"Do you want the answer to the nearest foot?" asked the Eton Boy.

"I should have thought," said the Cynic, "that the difference was very obvious. Now, if you had asked, 'What is the resemblance?' one might think it worth consideration."

Still all agreed, when they heard it, that the answer to the conundrum was exceptionally good.

After dinner, the five boys of the household happened to find a parcel of sugar-plums. It was quite unexpected loot, and an exciting scramble ensued, the full details of which I will recount with accuracy, as it forms an interesting puzzle.

No. 4.—The Great Scramble.

You see, Andrew managed to get possession of just two-thirds of a parcel of sugar-plums. Bob at once grabbed three-eights of these, and Charlie managed to seize three-tenths also. Then young David dashed upon the scene, and captured all that Andrew had left, except one-seventh, which Edgar artfully secured for himself by a cunning trick. Now the fun begins in real earnest, for Andrew and Charlie jointly set upon Bob, who stumbled against the fender and dropped half of all that he had, which were equally picked up by David and Edgar, who had crawled under a table and were waiting. Next, Bob sprang at Charlie from a chair, and upset all the latter's collection on to the floor. Of this prize Andrew just got a quarter, Bob gathered up one-third, David got two-sevenths, while Charlie and Edgar divided equally what was left of that stock.

They were just thinking the fray was over when David suddenly struck out in two directions at once, upsetting three-quarters of what Bob and Andrew had last acquired. The two latter, with the greatest difficulty, recovered five-eighths of it in equal shares, but the three others each carried off one-fifth of the same. Every sugar-plum was now accounted for, and they called a truce, and divided equally amongst them the remainder of the parcel. What is the smallest number of sugar-plums there could have been at the start, and what proportion did each boy obtain?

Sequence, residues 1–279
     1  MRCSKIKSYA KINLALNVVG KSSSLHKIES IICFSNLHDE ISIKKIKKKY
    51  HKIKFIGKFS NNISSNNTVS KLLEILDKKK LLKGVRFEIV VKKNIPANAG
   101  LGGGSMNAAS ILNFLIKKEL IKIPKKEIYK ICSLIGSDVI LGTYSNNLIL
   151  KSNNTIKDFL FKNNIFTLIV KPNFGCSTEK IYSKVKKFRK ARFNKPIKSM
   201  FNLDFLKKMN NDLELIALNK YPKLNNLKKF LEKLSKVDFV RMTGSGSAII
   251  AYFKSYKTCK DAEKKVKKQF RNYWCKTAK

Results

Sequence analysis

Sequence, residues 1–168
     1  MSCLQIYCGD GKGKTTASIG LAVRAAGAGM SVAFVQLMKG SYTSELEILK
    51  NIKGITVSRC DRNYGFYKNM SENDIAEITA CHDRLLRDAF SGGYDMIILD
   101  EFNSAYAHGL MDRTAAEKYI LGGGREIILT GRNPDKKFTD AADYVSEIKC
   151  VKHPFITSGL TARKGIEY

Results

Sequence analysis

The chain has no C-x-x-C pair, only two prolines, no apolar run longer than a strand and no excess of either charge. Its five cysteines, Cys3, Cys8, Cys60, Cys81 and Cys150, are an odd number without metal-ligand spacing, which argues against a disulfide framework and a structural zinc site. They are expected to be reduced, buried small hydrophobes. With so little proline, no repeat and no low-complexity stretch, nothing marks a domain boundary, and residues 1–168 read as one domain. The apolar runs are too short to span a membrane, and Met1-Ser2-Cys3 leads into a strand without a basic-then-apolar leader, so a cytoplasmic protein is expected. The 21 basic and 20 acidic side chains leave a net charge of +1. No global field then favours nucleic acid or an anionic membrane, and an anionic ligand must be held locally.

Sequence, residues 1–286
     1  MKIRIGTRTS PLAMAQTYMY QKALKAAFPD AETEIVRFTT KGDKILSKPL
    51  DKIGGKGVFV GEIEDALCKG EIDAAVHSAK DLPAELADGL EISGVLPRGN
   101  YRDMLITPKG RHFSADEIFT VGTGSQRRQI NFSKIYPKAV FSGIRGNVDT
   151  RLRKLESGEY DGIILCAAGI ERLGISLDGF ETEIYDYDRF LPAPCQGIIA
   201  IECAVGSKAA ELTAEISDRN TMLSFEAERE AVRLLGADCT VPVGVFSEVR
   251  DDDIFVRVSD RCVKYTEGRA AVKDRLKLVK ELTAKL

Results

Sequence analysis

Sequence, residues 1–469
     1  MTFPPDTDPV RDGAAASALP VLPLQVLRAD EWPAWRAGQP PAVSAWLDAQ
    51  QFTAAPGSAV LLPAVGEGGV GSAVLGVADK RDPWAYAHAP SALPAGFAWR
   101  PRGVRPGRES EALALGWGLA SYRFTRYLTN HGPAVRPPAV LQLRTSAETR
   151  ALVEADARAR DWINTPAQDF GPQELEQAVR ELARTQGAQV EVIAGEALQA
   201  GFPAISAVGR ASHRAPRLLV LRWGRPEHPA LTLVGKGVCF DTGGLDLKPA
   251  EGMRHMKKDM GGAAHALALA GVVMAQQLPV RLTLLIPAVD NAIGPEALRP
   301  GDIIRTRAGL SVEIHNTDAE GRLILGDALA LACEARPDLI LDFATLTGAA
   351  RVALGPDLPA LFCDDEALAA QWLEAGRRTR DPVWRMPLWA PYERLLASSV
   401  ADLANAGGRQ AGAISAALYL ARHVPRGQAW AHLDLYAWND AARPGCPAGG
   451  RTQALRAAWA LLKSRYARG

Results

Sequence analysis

(The answers to the above four Puzzles will be given in our issue of January 11th, 1908.)

Here is the text of the solutions from the January 11th issue:

Solutions (See December 28th Issue).

No. 1.—The Christmas Pudding.

[Christmas pudding solution]

The illustration shows how the pudding may be cut into two parts of exactly the same size and shape. As the principles involved in this puzzle also come into the new one that I am presenting this week, I will not at present do more than remark that the lines must necessarily pass through the points A, B, C, D, and E. But, subject to this condition, they may be varied in an infinite number of ways. For example, at a point midway between A and the edge, the line may be completed in an unlimited number of ways (straight or crooked), provided it be exactly reflected from E to the opposite edge. And similar variations may be introduced at other places.

No. 2.—Making Diamonds.

[rhomboid solution]

By dividing the long sides into four equal parts, and the short sides into three equal parts, as shown, the rhomboid, A, may be cut into two parts that will fit together, as in B, and form the required perfect diamond. If the sides of A measure sixteen inches by nine inches, then it will be seen that if the sixteen loses a fourth and the nine gains a third all sides must be equal.

No. 3.—The Parson's Riddle.

"What is the difference between the King and the North Star?" The answer is, "Nineteen shillings and elevenpence three farthings!" Here we appear to get involved in a second conundrum, "Why is the difference equal to this sum of money?" Well, it is rather obvious that it must be so, since the King is a sovereign and the North Star beyond doubt a far-thing.

No. 4—The Great Scramble.

The smallest number of sugar plums that will fulfil the conditions is 26,880. The five boys obtained respectively: Andrew, 2,863; Bob, 6,335; Charlie, 2,438; David, 10,294; Edgar, 4,950. There was a little trap concealed in the words near the end, "one-fifth of the same," that seemed at first sight to upset the whole account of the affair. But a little thought will show that the words could only mean "one-fifth of five-eights—the fraction last mentioned"; that is, one-eighth of the three-quarters that Bob and Andrew had last acquired.

If you're interested in more Christmas-related puzzles, see How Many Days 'Til Christmas?